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Ben Coes writes action packed escapist thrillers. If you like escapist thrillers and don't really worry about major flaws in the background and research, then settle back and enjoy this book.
Dewey Andreas is a super hero. In Power Down he almost single handedly saved the world and America from a coordinated terrorist attack on key petroleum refineries throughout the world. In this book Dewey is brought out of retirement in Australia to save the world from a nuclear Armageddon. I nearly choked at this quote, nearly half way through the book when the US is planning a Coup d'Etat in Pakistan to prevent a full scale nuclear war between India and Pakistan that would inevitably involve both the US and China:
"There is someone Mr President, I hadn't thought of him until this very moment" "Does he work for the CIA?" "No but he's an American and a patriot. (He is) the one person alive who could, well make this (coup d'etat) ... something more than a Hail Mary.... Dewey Andreas"
From then on Dewey and two other CIA agents set out to save the World on their own by engineering a Coup d'Etat in Pakistan within a 48 hour time limit in the middle of a major war with India. Only one of the agents speaks the local language - their major communication skills were gunfire. What a scenario....
When I reviewed Coes' first book, Power Down I commented on the many flaws in the plot and background research. I was especially critical of Coes' description of Dewey's move to Australia (I am an Aussie) and use of US terms in an Australian environment and hoped that his research would be better in his next book. At the time I doubted that I would read another of his books but was tempted when Macmillan Australia discounted this book almost to Indie prices.
I expect and understand poorly researched books by Indie authors. I don't expect books edited and published by a major world publishing house in both the US and Australia to have so many flaws, especially with its coverage of Australia and its institutions. Here are some of the flaws I found in the Australian chapters of this book:
1. While this time Coes does acknowledge that a cattle ranch in Australia is called a cattle station, he continues to use "ranch" , including "ranch hand" (which should be stockman). I don't understand why he should be so US centric in a book to be published around the world.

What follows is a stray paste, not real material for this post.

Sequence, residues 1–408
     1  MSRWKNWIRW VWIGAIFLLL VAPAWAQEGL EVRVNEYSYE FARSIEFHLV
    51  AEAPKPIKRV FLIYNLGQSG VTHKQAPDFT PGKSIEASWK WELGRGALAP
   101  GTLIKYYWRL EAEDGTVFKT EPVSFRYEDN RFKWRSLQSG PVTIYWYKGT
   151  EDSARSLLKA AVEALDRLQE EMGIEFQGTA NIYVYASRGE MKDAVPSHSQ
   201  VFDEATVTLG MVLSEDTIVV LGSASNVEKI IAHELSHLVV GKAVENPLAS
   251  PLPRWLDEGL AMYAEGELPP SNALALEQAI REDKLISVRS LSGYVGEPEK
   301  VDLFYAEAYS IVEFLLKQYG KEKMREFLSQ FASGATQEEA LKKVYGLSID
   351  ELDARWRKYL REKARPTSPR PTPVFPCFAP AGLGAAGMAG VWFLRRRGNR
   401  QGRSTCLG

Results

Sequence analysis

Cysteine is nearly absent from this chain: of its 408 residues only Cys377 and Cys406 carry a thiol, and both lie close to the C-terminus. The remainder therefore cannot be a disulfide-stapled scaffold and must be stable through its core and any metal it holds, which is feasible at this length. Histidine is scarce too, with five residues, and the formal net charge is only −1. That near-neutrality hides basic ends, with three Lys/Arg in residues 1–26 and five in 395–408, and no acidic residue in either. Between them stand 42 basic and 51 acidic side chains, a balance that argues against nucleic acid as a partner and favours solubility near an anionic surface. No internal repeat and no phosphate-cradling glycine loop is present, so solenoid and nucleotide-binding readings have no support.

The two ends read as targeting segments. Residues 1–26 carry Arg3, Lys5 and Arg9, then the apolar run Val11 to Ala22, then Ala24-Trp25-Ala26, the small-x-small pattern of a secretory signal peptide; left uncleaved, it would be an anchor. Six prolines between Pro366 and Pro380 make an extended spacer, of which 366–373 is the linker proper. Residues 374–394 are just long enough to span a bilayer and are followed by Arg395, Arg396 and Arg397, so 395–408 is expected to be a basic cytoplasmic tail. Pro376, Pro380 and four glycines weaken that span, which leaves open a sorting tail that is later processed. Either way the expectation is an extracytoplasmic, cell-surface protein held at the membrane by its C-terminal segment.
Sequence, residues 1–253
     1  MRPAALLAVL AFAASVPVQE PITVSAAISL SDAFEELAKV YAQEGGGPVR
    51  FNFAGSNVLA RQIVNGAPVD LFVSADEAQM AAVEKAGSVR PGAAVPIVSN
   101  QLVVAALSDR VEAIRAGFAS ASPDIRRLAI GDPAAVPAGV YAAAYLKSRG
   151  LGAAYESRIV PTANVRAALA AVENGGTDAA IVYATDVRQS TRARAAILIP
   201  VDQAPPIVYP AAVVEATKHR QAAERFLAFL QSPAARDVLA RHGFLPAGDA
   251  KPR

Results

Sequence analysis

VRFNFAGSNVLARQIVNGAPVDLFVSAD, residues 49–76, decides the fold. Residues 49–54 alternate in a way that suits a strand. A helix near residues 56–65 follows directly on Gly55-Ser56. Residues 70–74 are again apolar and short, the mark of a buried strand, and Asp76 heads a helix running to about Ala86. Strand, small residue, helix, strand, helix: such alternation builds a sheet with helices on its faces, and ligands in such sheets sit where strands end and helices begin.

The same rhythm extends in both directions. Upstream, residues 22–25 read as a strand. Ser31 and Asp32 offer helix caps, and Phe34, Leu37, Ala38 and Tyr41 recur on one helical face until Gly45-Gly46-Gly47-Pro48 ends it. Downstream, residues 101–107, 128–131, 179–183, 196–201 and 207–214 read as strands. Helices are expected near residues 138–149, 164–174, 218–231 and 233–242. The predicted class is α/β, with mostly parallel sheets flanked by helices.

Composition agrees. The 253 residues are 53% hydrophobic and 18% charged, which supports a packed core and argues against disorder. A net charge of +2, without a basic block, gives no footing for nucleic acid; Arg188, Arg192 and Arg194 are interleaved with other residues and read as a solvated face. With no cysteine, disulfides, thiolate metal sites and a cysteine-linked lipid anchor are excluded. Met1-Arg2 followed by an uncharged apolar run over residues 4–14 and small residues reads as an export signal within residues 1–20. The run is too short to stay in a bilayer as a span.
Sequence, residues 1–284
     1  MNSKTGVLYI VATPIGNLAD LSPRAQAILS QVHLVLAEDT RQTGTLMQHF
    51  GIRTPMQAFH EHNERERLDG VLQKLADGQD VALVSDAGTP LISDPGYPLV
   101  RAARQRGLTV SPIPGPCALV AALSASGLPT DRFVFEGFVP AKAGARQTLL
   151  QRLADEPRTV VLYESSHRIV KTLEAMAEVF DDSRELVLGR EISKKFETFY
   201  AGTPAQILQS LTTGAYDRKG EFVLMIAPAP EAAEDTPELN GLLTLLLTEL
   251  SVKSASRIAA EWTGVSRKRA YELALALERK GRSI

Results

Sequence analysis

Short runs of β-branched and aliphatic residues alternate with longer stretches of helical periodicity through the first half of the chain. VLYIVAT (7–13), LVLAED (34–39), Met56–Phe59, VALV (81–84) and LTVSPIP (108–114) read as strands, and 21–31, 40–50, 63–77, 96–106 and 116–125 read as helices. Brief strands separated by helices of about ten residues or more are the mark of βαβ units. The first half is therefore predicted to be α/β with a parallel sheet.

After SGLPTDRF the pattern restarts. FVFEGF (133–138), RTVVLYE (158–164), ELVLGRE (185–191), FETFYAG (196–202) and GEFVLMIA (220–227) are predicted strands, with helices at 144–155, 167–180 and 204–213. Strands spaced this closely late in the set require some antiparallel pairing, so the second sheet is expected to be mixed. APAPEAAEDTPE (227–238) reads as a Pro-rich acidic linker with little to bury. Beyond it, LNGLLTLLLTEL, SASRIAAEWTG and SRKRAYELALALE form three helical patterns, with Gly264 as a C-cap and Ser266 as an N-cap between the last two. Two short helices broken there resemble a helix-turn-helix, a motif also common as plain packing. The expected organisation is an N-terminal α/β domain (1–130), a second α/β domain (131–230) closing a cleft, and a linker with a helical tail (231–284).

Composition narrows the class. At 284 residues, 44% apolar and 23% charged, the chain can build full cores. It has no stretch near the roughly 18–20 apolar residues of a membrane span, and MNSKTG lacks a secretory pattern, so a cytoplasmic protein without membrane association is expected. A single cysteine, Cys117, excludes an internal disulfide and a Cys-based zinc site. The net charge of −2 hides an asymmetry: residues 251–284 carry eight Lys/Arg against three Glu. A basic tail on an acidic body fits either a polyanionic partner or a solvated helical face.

2. Dewey climbs a Butte near Cooktown in Australia. There are no Buttes in Australia, the closest equivalents are Volcanic Plugs, such as the Glasshouse Mountains but they are in southern not northern Queensland.
3. The Australian Department of Foreign Affairs and Trade (not the Australian Customs and Border Protection Service) is responsible for the Australian passport renewals website.
4. Work visas are handled by the Australian Department of Immigration and Citizenship, not the Australian Customs Office. Working holiday visas are not available to US citizens, so Dewey would probably have to be nominated by his employer and their name would be stored in the visa database.
5. While Dewey may have bought a Filson wax coat with him from the US, as an Australian stockman he would normally wear a Driza-Bone coat.
If it is so easy for me to find Australian based flaws I shudder to think what flaws there are about India, Pakistan and Lebanon. Two that stand out to me are the Republic of (not Royal) Singapore Air Force and a fundamental error that the Indian Prime Minister, not the President is the main decision maker in the country.
Coes CV says that he has been a speechwriter for the Reagan and George W Bush White Houses, and for Milt Romney. Political speeches are known for their inaccuracies and he seems to have carried this through to his books.